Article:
So the idea that an African-American, as all polls suggest, may become the next president is certainly historic and unprecedented.

MARGARET WARNER: And for women, as well, Michael, we're talking about nearly more than 80 years after women got the right to vote, it took for a woman to be in line -- well, not to discount Geraldine Ferraro in '84.

MICHAEL BESCHLOSS, Presidential Historian: Once, yes, but it hasn't been enough. You know, I mean, first of all, it shouldn't have taken until 1920 nor should it have taken until the end of the Civil War for African-Americans to get the vote.

Our founders were terrific, but this is a good night to remember, as wonderful as we think they are and admire them for all sorts of reasons, these were people who did not consider African-Americans fully human, considered them mainly slaves, and also never conceived of the idea that women would be an important part of our political culture.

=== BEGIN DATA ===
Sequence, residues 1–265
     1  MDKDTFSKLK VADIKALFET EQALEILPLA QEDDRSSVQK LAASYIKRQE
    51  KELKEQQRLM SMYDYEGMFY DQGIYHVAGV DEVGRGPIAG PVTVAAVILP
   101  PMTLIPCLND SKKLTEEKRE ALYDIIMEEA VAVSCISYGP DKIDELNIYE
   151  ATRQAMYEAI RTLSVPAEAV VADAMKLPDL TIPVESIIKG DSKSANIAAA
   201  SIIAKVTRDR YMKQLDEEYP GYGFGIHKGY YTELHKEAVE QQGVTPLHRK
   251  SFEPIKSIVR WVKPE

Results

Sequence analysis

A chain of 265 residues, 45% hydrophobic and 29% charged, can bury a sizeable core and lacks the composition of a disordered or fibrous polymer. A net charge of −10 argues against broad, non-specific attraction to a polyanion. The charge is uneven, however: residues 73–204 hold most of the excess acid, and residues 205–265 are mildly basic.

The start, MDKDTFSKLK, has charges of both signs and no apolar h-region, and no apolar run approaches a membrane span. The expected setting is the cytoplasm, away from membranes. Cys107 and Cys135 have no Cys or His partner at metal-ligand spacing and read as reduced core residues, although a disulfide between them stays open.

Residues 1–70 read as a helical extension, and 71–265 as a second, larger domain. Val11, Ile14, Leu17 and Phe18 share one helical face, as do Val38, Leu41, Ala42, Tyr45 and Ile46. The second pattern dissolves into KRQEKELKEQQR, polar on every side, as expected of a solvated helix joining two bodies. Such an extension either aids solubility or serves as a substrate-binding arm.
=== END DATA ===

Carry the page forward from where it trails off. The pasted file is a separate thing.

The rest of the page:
This night is a triumph in those terms, too.

Parallels to the '30s

MARGARET WARNER: Let's go back to the economic parallel. Now, people keep saying that our economic crisis is the worst since the Great Depression. How apt a parallel is the election of 1932, when Franklin Roosevelt was first elected?

RICHARD NORTON SMITH: Well, the difference, of course, is that you had this slow-motion train wreck. I mean, you'd had three years in which the American people had been marinated in despair. And, basically, millions of them had given up hopes.

They had lost their homes; they'd lost their jobs. And they were un-American, in the sense that they had lost that most American sense of optimism, that the future is our friend.

So Franklin Roosevelt, who, by the way, as you know, was written off by a lot of journalists and would-be pundits in the '32 campaign as an amiable lightweight, nevertheless won simply because he wasn't Herbert Hoover.

And the fact that he promised an experimental, innovative kind of government to a people who were tired of a government that appeared frozen in indifference, the difference, of course, is now -- to be sure, people all year long have been saying the economy is the number-one issue, but it's only in the last six weeks that there's a sense of panic about the future.

MARGARET WARNER: How apt do you think the 1932 analogy is? Or do you think 1936 is more so?